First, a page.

How is abenomics working out? It doesn’t seem to be boding well for the government of Japan, the Japanese central bank or consumers. The country’s finance ministry released data showing the tremendous debt burden that it is experiencing: one quadrillion yen, specifically 1,008,628,100,000,000 yen.
In United States dollars, this is $10.5 trillion, still far short of Washington’s national debt of $17 trillion.
The one quadrillion yen figure is proving to be problematic for the Asian economic powerhouse. Right now, it is suffering from more debt as a percentage of GDP than any other developed nation in the world. With 830 trillion yen in government bonds and a paucity of revenues, it is projected that gross public debt will hit 230 percent of GDP sometime next year.
The Organization for Economic Cooperation and Development (OECD) has warned Tokyo that it must address its rising debt. However, that message hasn’t gotten through because it has increased its borrowing levels this year in order to pay for its economic stimulus program’s infrastructure initiatives and an attempt to end decades of falling prices and stagnation.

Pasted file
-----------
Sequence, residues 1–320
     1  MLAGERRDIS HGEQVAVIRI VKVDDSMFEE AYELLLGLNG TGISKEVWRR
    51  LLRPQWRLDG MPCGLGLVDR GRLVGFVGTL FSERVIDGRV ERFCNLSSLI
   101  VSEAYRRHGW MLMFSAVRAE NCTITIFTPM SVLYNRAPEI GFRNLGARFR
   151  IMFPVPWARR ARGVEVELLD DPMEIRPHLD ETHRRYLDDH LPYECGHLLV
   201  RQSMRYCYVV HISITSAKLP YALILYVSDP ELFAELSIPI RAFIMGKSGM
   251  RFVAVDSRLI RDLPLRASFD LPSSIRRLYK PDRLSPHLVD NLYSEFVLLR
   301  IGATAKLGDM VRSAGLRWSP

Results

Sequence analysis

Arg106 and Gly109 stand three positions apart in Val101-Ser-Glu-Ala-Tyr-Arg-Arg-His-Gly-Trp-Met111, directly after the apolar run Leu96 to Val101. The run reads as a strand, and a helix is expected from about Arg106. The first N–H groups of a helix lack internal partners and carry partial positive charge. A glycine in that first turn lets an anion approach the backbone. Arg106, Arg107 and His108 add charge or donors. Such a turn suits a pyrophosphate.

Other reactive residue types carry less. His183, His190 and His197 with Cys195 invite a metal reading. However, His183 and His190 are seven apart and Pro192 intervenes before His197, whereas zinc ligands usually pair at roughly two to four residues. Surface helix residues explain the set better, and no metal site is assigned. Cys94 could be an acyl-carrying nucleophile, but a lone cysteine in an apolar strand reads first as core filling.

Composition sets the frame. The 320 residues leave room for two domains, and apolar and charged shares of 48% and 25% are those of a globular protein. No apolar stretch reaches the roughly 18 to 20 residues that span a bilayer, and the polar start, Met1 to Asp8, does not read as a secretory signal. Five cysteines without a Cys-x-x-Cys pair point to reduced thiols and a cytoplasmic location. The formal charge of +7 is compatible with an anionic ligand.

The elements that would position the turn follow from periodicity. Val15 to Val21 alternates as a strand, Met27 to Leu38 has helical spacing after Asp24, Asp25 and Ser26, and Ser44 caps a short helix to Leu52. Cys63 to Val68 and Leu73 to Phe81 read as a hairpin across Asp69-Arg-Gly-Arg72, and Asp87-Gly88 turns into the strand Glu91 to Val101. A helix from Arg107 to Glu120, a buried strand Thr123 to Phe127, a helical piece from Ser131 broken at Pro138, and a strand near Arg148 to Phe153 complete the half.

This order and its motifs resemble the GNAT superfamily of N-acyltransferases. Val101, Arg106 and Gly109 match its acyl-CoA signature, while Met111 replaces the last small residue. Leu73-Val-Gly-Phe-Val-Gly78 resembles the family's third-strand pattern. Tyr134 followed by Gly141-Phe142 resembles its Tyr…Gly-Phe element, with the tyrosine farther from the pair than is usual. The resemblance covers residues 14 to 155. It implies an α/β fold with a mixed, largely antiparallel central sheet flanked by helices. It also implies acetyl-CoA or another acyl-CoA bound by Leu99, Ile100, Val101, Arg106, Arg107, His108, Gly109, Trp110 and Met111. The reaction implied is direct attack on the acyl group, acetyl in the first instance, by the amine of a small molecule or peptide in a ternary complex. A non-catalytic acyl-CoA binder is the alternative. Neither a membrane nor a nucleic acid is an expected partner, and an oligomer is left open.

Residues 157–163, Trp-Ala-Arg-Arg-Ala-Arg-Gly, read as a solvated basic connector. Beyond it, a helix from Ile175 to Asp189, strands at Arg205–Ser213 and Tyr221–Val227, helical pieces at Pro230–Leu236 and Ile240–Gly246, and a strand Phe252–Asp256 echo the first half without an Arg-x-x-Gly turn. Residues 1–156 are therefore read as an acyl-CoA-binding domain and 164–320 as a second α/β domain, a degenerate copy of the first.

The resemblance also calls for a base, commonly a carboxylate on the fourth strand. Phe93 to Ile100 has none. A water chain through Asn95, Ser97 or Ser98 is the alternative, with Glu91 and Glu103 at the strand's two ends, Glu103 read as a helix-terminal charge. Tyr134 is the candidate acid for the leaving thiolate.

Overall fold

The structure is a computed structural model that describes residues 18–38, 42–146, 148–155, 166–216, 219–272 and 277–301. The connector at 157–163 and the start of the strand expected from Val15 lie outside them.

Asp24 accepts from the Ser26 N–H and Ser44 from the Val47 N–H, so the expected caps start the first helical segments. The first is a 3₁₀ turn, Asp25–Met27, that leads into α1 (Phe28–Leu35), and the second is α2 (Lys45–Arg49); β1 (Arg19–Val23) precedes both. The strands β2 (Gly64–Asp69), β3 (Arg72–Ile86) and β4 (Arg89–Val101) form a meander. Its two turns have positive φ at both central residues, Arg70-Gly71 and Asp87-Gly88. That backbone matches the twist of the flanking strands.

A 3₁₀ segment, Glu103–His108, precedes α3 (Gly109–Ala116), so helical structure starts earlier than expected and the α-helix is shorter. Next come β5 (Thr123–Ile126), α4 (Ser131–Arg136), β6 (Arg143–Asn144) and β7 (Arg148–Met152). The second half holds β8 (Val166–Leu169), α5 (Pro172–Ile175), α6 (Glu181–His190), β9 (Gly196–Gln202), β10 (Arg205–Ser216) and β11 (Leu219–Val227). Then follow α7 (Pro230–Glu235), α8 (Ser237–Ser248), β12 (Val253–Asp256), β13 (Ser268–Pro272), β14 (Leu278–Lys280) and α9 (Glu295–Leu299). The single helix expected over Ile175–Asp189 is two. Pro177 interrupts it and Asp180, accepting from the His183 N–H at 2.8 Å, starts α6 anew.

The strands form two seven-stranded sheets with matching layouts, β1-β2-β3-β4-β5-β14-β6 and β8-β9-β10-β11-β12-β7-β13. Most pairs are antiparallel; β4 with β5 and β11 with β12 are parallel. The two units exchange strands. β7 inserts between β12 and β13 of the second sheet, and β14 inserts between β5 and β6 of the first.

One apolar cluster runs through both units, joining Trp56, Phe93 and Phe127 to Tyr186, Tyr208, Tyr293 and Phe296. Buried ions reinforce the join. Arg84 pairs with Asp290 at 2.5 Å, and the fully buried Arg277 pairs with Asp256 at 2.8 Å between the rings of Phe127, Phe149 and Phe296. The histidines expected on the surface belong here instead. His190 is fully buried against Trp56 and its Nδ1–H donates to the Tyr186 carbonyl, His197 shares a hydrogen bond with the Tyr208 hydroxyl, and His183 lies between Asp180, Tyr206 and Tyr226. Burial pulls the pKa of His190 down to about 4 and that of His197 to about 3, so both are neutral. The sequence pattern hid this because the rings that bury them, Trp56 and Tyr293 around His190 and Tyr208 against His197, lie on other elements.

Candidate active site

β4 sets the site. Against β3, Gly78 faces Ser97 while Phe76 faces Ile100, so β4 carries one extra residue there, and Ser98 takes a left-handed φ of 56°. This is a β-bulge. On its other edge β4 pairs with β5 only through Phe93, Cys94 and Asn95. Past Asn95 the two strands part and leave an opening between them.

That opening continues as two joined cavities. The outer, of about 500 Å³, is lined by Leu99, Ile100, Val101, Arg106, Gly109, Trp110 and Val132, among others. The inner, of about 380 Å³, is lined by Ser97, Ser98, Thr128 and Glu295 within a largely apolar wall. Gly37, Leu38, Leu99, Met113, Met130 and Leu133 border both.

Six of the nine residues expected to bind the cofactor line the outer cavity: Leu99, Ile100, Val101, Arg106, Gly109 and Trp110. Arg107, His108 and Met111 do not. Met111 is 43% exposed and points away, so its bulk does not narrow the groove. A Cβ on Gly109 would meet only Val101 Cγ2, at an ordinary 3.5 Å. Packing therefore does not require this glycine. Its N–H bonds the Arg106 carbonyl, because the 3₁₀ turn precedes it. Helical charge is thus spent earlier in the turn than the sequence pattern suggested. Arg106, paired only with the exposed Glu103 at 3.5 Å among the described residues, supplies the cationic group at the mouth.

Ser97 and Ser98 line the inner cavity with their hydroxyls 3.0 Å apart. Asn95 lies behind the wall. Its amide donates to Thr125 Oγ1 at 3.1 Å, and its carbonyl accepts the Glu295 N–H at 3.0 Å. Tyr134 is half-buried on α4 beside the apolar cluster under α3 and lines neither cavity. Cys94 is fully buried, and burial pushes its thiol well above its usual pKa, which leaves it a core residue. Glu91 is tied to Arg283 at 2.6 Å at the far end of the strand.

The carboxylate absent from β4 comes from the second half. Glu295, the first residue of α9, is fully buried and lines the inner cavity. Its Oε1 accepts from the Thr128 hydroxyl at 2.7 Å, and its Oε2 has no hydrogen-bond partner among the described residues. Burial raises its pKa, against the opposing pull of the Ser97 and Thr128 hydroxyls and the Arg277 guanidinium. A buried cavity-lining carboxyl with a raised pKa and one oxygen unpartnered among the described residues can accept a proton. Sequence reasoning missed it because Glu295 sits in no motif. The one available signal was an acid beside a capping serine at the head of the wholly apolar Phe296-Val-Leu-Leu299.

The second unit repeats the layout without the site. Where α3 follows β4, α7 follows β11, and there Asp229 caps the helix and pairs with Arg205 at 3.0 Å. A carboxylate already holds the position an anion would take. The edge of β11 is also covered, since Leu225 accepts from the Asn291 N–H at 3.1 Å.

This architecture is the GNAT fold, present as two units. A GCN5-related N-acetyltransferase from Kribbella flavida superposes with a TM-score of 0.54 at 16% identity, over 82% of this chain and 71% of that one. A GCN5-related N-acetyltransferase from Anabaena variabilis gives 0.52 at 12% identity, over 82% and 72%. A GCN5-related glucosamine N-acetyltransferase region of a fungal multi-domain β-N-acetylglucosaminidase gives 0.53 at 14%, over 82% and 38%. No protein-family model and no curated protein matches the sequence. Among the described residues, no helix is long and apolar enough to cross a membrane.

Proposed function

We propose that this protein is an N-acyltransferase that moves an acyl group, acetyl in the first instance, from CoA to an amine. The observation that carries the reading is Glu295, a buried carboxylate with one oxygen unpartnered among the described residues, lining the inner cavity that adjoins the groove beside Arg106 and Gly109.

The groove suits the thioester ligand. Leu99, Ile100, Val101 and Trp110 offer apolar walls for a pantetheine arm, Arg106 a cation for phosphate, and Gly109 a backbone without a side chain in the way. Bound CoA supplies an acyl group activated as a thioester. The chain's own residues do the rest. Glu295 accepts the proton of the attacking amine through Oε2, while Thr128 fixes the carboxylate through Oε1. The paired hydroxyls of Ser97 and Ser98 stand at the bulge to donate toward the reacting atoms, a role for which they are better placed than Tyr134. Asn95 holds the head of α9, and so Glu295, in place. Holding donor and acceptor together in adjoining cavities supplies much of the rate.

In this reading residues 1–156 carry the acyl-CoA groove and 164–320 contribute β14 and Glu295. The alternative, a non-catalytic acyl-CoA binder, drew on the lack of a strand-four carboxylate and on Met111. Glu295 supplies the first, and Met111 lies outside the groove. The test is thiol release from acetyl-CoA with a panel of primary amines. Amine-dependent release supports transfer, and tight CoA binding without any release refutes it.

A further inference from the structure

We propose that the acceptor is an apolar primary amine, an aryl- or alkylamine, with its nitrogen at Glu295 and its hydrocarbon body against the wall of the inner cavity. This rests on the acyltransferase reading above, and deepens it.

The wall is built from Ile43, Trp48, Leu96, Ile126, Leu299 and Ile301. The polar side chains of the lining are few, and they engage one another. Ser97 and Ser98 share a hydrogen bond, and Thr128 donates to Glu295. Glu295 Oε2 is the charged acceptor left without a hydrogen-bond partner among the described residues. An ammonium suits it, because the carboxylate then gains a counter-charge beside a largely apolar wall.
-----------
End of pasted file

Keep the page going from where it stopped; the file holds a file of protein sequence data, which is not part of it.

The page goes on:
It has been reported that Japan is attempting to generate more revenues by doubling its consumption tax to 10 percent within the next two years – it will jump in two states: increase to eight percent in April of 2014. There has been growing doubt, however, as to whether or not even institute the tax increase.
Prime Minister Shinzo Abe and Bank of Japan head Haruhiko Kuroda announced its ambitious endeavor to have the economy roar again: double its present stimulus to 7.5 trillion yen ($81 billion), purchase Japanese government bonds with maturities of up to 40 years (a move to push BoJ bond holdings from three to seven years) and increase its acquisitions of financial instruments connected to stock and property markets.
Those who are staunch critics of Keynesian economics, which what this plan is, say price inflation will experience jumps, the money supply will grow astronomically and a crash in the stock market will transpire.